Parents have the important responsibility of finding a dentist who can make that first experience for their child a pleasant one. Lane Family Dentistry, a dental office serving kids, agrees. They state, “There is something very special about the privilege of being the first one to introduce a child to the world of good oral hygiene.”
If a child’s first experience in the dental chair is a difficult one, many will become fearful. And there are adults who avoid going to the dentist completely because of a bad dental experience during their youth.
Children are encouraged to go to the dentist by the time of their first birthday. Or at the appearance of their first tooth. Why so early? Parents.com suggests this timeframe as it is early enough that the first session is simply one of becoming acquainted with going to the dentist. Instead of a session where the dentist must deal with plaque buildup. Odds are high your child will be less likely to find that experience a pleasant one.
Keep in mind, however, not all dentists are equal. If your dentist displays any of these 3 red flags, you might need to keep looking.
- They do not know how to put your child or you at ease.
It takes a special kind of bedside manner to help a child feel calm while in a dental chair. Dentists who are experienced with children will have a large following of devoted parents. Dentists who are rough and do not know how to interact with children will also have reviews that reflect this.
Your first line of defense is to find out what other parents have to say about the dental office you are considering. Did they feel put at ease? Did their children feel at ease? If not, this is the first warning sign to steer clear.
- They are not militant against germs.
Cross infection happens when a germ or an infection from another patient gets transmitted to you due to laxness in sterilization. If you suspect that your dental office is not militant against germs, then this could be a sign of a much greater problem. Being lax in one area is often just the tip of the iceberg and could mean that this dental office takes short cuts in order to save time or money. Often at your expense.
How to tell if a dental office is being lax in fighting against germs? Does the dentist wear gloves? He should. When he puts the gloves on, does he pull them out of a glove dispenser? Or were they sitting on a surface before he put them on? What else does she or he touch once the gloves are on? The dentist should only be touching sterilized objects. Does he or she pick up things that were not disinfected? This is a sign that he or she is not being as careful as they should be.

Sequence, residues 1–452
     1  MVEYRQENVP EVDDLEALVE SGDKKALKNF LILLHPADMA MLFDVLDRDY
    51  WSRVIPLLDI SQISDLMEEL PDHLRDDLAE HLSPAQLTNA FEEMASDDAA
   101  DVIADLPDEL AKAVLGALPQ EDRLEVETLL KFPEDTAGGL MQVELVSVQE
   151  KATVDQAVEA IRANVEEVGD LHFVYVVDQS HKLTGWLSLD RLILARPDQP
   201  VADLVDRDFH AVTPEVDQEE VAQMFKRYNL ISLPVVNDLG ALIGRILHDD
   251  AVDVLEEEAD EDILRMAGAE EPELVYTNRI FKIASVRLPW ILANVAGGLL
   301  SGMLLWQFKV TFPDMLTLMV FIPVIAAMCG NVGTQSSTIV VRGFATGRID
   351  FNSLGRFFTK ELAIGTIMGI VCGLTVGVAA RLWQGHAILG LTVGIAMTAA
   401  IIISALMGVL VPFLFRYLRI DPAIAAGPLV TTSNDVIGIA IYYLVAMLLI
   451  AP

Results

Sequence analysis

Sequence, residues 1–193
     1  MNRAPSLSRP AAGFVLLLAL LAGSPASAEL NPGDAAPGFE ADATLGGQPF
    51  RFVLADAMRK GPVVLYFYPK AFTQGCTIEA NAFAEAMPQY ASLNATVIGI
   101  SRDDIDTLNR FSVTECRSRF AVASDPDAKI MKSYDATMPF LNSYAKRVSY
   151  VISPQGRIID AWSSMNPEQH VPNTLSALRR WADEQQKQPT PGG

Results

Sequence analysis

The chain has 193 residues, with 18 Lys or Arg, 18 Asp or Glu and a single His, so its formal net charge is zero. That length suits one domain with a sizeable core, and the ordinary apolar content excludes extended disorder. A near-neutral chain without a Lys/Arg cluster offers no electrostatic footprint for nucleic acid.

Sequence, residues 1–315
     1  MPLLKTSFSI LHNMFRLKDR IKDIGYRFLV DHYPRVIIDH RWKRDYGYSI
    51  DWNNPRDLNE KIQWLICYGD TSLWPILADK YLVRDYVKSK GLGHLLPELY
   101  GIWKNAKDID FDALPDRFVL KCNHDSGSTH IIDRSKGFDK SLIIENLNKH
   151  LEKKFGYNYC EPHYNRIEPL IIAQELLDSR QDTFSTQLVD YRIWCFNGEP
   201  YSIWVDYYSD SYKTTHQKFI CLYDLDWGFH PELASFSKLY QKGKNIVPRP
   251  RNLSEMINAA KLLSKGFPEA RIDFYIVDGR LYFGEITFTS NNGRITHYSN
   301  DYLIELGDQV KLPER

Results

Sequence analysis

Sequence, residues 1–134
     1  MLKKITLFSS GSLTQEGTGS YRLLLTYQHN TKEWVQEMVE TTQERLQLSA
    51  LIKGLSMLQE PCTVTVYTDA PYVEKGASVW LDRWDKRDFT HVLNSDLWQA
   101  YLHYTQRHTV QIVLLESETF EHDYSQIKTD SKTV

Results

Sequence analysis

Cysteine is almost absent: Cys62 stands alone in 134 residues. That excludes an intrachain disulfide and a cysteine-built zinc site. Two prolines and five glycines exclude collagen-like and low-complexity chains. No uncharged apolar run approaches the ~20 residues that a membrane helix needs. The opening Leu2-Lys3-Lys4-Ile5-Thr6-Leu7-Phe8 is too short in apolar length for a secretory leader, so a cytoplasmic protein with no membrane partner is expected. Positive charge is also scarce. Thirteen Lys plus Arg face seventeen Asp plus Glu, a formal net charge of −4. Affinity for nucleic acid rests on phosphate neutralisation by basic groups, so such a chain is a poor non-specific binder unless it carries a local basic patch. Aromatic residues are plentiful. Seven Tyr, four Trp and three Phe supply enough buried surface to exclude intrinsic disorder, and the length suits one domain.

Be up front and ask the dental office staff how they sterilize their instruments. And how often their sterilizer is checked to make sure it is working properly. A good dental office will be upfront and not take offense at such questions. A dental office to be wary of will want to fudge and dodge such questions.
- They are not keeping up with the times.
Does their machinery look outdated? And from what you can tell, doe their practices and methods seem to be from years ago? A dental practice that was good 10 years ago could slowly lose its quality rating. How? If the staff and head of the dental office do not make the effort to stay on top of the latest tech upgrades and research findings. Other signs of a dental office not staying on top of updating as needed include old sitting room furniture and old magazines. Why should this be a warning sign? It could point to a larger problem of letting “good enough” be the standard they follow, instead of striving for excellence.
How do you measure for this? Visit other dental offices in your area and ask after their methodology. Educate yourself on what current best practices are. Then compare that to the pediatric dental office that you are considering for your child.
Seem like too much work for choosing a dentist? Not if you are looking to establish a relationship that will last throughout your Little Junior’s childhood. And not if you consider that the care you put into this decision will likely affect your child’s oral hygiene habits. As well as how your children view going to the dentist in their adult years.